Sunday, October 29, 2006

AFT Mistake on Israel / Lebanon

Middle East Resolution- an AFT Shameful Blunder 8/6/2006

Israeli children write greetings on bombs to be dropped on Lebanese children. (Source: AP & Jerusalem Post).

The AFT - UFT resolution on the Middle East crisis ( ), passed last July, at the annual convention will go down in our union’s history as one its worst moments. As someone who believes in Israel’s right to exist in peace and prosperity with everyone in the region, I find it disturbing when my union endorses actions by Israel that only serves to undermine this right in the end.

You can see where the resolution is going right from the start:
“terrorism is the use of violence to impose the will of a minority on society…”
As a social studies teacher I am embarrassed by this definition. It sounds like something out of Fox News. If you look at the U.S. Code, the definition of “terrorism” mentions nothing about minority groups as a necessary precondition. This loaded, and presumably off-the-cuff, definition by the AFT may be intended to protect the U.S. and Israel; albeit that might be giving the authors of the resolution too much credit. Look at the U.S. official definition and you’ll see:

“Whoever, involving conduct transcending national boundaries and in a circumstance described in subsection (b)—
(A) kills, kidnaps, maims, commits an assault resulting in serious bodily injury, or assaults with a dangerous weapon any person within the United States; or
(B) creates a substantial risk of serious bodily injury to any other person by destroying or damaging any structure, conveyance, or other real or personal property within the United States or by attempting or conspiring to destroy or damage any structure, conveyance, or other real or personal property within the United States; “ From: § 2332b. Acts of terrorism transcending national boundaries

By this criteria the U.S. and Israel (as well as our official enemies) have actively engaged in terrorism against other nations: hiring the mafia to kill Castro in the ‘60s, indiscriminate and carpet-bombings causing many civilian deaths, destruction of civilian infrastructure, collective punishment (bulldozing of homes), “targeted assassination”, are to name but a few and a variety of contexts over the years committed by the U.S and Israel, all in the name of fighting communism and now, ironically, “terrorism”.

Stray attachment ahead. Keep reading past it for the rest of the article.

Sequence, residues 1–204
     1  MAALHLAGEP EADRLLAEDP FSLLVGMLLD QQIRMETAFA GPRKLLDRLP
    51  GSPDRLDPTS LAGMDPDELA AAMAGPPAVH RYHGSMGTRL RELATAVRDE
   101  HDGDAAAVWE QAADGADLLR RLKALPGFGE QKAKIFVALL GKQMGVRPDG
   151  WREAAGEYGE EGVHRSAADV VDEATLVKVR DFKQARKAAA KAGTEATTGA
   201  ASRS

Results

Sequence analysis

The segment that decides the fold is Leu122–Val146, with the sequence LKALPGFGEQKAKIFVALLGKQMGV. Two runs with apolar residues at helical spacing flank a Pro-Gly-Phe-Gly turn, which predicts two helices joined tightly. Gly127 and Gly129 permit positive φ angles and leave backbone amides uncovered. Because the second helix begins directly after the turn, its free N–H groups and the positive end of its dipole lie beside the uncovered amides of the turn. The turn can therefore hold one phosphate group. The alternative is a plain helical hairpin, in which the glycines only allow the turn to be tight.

The resolution continues with more misconceptions and mythical history. It lumps Hezbollah in the same ball of wax as Al Qaeda. This sort of simplicity one would expect from the Neocons. Granted, both qualify as “terrorist” organizations under U.S. code. However, Israel has bargained with Hezbollah in the past for prisoner exchanges (hence, part of the motivation for Hezbollah taking the Israeli soldiers, the other part showing solidarity with Palestinians in Gaza). Israel holds thousands of Palestinian and Lebanese prisoners it has “detained”. It also tortures many of them. But, don’t take my word for it, check it out with B’ Tselem, the Israeli human rights organization ( You can check Human Rights Watch and Amnesty International as well. Either way, a bargaining partner is something Al Qaeda is not. Such oversimplifications are what has been driving U.S. foreign policy under Bush.

The resolution says Hezbollah was the group that blew up the barracks where “241 U.S. marine peacekeepers were murdered”. While it might be true they committed this deplorable act one needs to put it in context. It was only after the U.S. abandoned its peacekeeper role in Lebanon in 1983 and started shelling (bombing from the USS New Jersey) Syrian and Palestinian positions in support of one side in the conflict that Hezbollah attacked. If you want to call that bombing of the Marine barracks under these circumstances “murder” then to be consistent you must call the Israeli or U.S. bombing of anyone who kills their soldiers and/or civilians “murder”.